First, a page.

Difference between revisions of "Experimental Methods"

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Experimental methods are research designs in which the researcher explicitly and intentionally induces [[Exogeneity Assumption | exogenous variation]] in the intervention assignment to facilitate causal inference. Experimental methods typically include directly [[Randomization in Stata | randomized]] variation of programs or interventions. This page outlines common types of experimental methods and explains how they avoid biased results.
  
== Read First ==
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==Read First==
Experimental methods are research designs in which the investigator explicitly and intentionally induces exogenous variation in the uptake of the program to be evaluated. Experimental methods, such as [[Randomized Control Trials]], are typically considered the gold standard design for impact evaluation, since by construction the takeup of the treatment is uncorrelated with other characteristics of the treated population. Under these conditions, it is always possible for the analyst to construct a regression model in which the estimate of the treatment effect is unbiased.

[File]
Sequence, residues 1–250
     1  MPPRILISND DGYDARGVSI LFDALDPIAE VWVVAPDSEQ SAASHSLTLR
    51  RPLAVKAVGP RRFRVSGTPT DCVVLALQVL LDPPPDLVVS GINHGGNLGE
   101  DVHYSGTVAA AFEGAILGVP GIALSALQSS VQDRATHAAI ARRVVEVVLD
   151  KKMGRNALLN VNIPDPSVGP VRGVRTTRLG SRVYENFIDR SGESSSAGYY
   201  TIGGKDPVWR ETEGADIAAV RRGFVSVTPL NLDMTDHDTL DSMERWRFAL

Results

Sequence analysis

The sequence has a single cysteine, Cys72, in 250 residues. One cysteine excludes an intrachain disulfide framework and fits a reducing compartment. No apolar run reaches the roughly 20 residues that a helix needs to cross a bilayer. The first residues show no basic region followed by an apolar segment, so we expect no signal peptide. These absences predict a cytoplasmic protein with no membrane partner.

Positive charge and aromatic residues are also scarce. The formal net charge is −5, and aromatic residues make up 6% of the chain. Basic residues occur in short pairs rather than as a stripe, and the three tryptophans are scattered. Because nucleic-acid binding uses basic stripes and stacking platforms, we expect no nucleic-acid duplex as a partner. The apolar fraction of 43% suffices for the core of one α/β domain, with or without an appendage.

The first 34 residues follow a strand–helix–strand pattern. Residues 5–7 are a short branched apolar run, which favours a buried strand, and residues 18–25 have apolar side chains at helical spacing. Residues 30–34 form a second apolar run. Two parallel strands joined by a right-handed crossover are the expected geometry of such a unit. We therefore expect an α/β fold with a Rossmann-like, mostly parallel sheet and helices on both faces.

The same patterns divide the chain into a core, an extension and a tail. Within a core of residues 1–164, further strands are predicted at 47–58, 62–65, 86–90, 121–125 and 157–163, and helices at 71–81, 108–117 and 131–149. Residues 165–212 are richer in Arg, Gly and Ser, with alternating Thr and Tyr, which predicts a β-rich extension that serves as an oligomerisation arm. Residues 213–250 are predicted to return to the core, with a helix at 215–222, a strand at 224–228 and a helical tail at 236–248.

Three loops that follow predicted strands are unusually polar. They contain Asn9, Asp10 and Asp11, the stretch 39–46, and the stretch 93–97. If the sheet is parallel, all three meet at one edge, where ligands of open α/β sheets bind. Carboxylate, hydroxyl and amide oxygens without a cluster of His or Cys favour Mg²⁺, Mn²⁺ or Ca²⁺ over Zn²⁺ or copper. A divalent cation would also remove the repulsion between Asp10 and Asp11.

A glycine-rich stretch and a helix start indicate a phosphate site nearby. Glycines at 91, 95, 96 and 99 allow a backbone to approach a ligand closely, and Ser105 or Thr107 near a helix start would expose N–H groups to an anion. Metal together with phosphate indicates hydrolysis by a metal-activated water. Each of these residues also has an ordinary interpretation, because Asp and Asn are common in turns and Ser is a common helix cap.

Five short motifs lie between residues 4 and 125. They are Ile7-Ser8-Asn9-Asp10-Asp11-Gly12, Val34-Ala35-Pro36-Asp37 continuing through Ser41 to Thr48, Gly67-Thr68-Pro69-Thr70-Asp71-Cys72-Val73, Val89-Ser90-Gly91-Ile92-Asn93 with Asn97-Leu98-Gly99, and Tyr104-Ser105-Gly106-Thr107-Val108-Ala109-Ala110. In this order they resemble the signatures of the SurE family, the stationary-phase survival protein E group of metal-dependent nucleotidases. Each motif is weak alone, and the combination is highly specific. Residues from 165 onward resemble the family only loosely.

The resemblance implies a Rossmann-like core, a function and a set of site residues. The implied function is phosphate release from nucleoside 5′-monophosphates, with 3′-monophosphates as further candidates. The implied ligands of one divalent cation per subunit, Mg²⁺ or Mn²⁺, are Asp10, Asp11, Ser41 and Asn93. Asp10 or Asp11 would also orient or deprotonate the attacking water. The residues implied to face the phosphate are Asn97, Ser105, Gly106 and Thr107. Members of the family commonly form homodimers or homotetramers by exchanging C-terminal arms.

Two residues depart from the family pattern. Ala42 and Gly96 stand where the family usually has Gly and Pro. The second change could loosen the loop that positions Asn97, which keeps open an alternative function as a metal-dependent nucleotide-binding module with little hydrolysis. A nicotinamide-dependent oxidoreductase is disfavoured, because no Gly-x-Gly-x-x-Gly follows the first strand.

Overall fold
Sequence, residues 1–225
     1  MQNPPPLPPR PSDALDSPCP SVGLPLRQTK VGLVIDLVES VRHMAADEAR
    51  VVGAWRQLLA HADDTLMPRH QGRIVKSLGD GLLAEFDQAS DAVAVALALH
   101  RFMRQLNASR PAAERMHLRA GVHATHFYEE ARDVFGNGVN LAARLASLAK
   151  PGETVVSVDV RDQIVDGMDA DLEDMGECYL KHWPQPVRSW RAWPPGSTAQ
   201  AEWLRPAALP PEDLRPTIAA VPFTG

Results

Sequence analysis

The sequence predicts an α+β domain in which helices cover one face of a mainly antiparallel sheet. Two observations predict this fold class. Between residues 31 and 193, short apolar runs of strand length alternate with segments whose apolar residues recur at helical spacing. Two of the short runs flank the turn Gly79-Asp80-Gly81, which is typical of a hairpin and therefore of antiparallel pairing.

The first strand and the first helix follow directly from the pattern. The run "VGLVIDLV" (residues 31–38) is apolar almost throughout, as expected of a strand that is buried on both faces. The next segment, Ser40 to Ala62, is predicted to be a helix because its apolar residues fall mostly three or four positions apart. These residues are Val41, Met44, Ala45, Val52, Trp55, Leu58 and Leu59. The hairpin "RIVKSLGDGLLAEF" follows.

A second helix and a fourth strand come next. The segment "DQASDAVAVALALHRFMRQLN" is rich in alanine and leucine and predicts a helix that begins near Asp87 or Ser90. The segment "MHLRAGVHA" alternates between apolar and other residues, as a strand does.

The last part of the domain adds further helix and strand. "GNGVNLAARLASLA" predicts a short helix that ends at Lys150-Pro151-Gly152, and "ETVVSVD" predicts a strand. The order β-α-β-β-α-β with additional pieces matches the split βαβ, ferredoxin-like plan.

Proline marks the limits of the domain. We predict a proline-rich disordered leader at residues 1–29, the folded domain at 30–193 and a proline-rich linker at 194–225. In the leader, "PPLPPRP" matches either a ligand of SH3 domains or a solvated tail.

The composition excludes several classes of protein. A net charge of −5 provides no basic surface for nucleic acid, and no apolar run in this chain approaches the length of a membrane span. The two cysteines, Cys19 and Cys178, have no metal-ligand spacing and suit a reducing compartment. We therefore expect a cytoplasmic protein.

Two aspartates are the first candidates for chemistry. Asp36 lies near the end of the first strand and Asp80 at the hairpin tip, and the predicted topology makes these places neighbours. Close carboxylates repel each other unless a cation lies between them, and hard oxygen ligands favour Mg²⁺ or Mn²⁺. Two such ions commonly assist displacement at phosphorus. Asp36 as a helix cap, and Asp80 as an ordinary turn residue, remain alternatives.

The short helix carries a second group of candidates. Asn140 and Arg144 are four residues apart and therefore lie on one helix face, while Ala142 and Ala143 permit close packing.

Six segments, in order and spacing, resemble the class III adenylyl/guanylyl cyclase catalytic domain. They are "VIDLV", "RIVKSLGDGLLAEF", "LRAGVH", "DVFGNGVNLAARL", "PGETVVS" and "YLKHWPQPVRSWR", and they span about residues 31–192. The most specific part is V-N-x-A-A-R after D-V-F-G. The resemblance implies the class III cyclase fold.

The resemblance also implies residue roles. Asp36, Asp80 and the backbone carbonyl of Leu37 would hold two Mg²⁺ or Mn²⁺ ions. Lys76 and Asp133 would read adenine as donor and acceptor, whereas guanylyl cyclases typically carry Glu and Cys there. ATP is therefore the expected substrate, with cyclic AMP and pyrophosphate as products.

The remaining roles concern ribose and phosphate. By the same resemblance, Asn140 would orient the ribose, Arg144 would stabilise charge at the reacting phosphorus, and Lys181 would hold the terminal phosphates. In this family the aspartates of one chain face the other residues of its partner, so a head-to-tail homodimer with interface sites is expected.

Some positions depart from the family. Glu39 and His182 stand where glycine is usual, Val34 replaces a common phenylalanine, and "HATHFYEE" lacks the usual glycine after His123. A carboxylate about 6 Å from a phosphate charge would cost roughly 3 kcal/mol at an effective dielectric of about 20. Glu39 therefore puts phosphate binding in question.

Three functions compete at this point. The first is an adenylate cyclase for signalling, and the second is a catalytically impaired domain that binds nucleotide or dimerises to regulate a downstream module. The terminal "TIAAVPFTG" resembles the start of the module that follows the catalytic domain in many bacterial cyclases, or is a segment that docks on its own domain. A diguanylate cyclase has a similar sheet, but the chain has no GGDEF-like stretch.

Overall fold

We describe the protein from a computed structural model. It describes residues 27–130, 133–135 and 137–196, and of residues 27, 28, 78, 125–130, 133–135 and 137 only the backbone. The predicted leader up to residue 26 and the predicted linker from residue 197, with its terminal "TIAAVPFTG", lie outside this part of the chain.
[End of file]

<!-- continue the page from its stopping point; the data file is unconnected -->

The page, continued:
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*Experimental methods introduce exogeneity, allowing researchers to draw conclusions about the effects of an event or a program. (See [[Randomized Evaluations: Principles of Study Design|study design]] for key principles of designing an evaluation.)
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*Without experimental methods, results may be biased by confounding variables or reverse causality.
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*During [[Primary Data Collection | data collection]] and [[Data Analysis | analysis]], make sure to consider and account for differential take-up, compliance, and attrition between randomized groups.
  
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== Common Types of Experimental Methods ==
  
== Guidelines ==